[pydotorg-www] project plan (python.org and navigation)
goodger at python.org
Sun Apr 25 14:36:01 CEST 2010
On Sun, Apr 25, 2010 at 06:48, anatoly techtonik <techtonik at gmail.com> wrote:
> On Fri, Apr 23, 2010 at 1:55 AM, Paul Boddie <paul at boddie.org.uk> wrote:
>> Another thing with ReST is that if that's what you would rather use, you will
>> only ever produce content that can be comfortably expressed in that format.
It's easy to insert raw HTML as well, when the limitations of reST are hit.
> Docbook is much much much worse. =)
>> As I experienced with ReST's predecessor, convenience of notation is a great
>> thing, but after a while bundling stuff into nested lists is no substitute
>> for a more compelling visual aid such as a table. Only Lisp programmers want
>> to see all the content presented in a monotonous, uniform fashion. ;-)
No, Paul misrepresents reST here. Tables are integral to reST,
expressible in multiple ways:
grid tables: http://docutils.sourceforge.net/docs/ref/rst/restructuredtext.html#grid-tables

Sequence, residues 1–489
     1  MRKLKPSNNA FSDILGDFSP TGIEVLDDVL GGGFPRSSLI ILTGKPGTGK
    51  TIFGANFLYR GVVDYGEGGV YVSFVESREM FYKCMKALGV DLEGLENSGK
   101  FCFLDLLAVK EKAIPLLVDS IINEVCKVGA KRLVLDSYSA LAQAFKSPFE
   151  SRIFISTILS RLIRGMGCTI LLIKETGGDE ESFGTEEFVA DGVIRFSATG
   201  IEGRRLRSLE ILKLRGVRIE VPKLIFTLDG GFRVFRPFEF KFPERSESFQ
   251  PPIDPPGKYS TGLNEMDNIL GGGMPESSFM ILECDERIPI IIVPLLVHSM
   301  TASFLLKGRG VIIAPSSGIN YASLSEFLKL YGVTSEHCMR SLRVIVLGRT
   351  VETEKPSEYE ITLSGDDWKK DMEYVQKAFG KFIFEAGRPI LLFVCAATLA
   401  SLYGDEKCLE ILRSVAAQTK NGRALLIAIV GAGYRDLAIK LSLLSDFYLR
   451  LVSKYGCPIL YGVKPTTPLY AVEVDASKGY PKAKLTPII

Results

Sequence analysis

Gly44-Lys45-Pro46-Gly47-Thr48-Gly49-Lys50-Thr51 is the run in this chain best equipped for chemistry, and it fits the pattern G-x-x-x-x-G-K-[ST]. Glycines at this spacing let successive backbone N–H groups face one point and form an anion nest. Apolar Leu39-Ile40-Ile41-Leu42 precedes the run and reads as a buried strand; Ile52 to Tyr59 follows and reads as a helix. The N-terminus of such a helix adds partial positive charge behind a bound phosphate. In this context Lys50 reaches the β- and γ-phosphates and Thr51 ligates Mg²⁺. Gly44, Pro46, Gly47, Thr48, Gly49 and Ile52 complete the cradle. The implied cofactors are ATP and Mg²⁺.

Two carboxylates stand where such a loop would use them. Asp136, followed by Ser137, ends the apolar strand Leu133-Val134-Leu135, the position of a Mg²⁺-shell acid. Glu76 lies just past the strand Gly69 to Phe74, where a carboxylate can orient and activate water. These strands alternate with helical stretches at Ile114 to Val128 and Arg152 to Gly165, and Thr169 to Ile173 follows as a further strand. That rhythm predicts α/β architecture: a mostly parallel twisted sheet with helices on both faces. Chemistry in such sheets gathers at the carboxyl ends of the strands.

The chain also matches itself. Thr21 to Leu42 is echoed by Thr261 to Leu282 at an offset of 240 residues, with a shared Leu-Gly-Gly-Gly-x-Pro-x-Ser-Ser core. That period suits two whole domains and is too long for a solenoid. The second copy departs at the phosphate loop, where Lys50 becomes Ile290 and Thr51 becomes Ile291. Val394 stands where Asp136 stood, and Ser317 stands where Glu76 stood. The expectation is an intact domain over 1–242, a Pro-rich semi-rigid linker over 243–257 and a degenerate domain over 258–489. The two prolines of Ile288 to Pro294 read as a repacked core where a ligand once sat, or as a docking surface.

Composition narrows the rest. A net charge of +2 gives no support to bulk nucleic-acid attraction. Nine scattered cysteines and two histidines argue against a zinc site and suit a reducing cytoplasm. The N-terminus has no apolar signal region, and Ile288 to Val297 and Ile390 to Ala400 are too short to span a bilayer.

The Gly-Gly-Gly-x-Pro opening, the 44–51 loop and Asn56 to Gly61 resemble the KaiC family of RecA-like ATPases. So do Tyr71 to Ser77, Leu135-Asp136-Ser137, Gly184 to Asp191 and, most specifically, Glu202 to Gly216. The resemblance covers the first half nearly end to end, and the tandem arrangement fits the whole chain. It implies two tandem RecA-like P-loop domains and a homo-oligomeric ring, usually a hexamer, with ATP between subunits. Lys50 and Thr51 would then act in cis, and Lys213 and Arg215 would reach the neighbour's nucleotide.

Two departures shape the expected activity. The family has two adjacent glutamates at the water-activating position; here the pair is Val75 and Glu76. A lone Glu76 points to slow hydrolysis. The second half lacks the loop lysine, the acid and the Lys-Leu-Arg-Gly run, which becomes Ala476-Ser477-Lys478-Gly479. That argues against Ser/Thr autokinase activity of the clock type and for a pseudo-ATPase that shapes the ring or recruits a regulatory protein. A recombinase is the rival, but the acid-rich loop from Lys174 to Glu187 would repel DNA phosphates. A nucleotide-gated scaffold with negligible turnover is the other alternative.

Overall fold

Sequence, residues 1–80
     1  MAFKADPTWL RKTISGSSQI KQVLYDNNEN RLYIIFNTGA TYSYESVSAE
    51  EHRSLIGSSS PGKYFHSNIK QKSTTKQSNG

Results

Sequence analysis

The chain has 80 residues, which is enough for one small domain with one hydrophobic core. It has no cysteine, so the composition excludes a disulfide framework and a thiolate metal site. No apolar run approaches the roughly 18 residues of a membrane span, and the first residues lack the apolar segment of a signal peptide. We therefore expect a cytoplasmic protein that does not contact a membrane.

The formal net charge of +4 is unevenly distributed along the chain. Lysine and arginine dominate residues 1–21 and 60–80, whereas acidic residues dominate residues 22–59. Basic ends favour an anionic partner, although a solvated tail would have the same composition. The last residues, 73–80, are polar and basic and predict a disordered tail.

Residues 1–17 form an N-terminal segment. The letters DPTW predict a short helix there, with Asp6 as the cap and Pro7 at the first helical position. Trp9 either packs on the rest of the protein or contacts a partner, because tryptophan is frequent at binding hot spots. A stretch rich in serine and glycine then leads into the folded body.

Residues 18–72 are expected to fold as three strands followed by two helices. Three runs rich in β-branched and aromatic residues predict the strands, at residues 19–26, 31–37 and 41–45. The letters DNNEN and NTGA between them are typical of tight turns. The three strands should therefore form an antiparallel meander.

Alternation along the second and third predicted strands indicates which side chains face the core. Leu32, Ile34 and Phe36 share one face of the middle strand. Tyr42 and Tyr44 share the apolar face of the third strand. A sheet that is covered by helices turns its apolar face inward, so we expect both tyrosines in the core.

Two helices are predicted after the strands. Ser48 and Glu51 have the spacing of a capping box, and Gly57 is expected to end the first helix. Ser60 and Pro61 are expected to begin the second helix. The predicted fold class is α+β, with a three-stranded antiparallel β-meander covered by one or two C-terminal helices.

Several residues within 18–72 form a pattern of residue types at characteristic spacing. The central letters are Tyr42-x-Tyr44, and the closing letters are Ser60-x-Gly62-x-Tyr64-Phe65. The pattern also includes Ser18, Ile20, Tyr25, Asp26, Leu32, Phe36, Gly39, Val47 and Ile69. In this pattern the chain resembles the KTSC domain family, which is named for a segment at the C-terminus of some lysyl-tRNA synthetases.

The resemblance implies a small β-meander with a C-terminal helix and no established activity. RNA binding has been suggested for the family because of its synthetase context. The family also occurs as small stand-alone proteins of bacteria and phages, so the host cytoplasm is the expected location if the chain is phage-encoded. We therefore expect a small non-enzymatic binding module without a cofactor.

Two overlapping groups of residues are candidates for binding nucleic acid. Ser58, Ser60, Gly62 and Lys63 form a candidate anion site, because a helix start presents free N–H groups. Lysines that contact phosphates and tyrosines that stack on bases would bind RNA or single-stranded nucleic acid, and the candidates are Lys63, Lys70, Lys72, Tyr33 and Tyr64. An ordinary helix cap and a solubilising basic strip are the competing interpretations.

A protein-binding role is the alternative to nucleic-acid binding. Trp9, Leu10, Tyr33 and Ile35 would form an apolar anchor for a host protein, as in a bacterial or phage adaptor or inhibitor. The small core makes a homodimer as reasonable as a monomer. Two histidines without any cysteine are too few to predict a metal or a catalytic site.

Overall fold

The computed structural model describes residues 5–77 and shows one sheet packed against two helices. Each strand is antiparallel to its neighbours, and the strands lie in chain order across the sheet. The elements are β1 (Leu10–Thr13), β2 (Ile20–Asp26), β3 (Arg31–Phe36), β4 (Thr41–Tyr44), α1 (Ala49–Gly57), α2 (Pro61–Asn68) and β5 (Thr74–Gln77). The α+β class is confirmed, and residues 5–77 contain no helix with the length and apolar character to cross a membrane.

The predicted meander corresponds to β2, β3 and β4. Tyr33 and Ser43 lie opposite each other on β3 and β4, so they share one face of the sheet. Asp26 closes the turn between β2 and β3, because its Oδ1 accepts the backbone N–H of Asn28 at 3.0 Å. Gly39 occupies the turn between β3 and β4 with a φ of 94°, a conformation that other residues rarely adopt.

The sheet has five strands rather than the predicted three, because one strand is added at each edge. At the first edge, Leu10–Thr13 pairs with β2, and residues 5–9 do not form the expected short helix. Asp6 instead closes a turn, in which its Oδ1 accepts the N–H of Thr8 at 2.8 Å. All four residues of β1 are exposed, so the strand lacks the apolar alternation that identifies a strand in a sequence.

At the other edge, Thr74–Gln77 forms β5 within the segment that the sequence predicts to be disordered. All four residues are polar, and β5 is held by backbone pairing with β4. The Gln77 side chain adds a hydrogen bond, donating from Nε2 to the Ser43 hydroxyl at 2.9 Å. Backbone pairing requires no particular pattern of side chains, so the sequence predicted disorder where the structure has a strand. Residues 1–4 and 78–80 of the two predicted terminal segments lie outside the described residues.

simple tables: http://docutils.sourceforge.net/docs/ref/rst/restructuredtext.html#simple-tables
CSV table directive:
List table directive:
Why so many? Because reST is a 2D markup, and tables are hard to edit
in 2D ASCII (easier than editing raw HTML though -- modulo personal
preference, of course).
Again, anything HTML can do, reST can do too -- via raw inclusion if necessary:
> A tabless pydotorg? That's a real surprise. Now I see.
The lack of tables is not because of any limitation of the technology.
> there any page describing current limitations (and optionally
> advantages) of current pydotorg engine? Is there a description of
> pre-pre engine?
The old engine used ht2html: http://ht2html.sourceforge.net/
It required that authors write & edit HTML fragments.
> I'd really like to see some wikipedia-like summary on the history of
> www.python.org linked somewhere from
I don't think it exists.
> It seems the "new-build"
> is not that new anymore and old Redesign pages like may confuse people
> and lead into wrong direction. So the knowledge about previous
> "mistakes" or implementation would help to design better system.
Possibly. Please feel free to record your research.
>>> > What I also don't understand why these trivial changes have to wait for
>>> > a revamp of the entire site.
>>> I don't consider any of this trivial, given the current design of the site.
> I've missed that part. Does anybody have a link to these trivial
> changes to judge? Preferably in this space -
You seem to be under the impression that somebody will magically do
this work for you. Won't happen.
David Goodger <http://python.net/~goodger>
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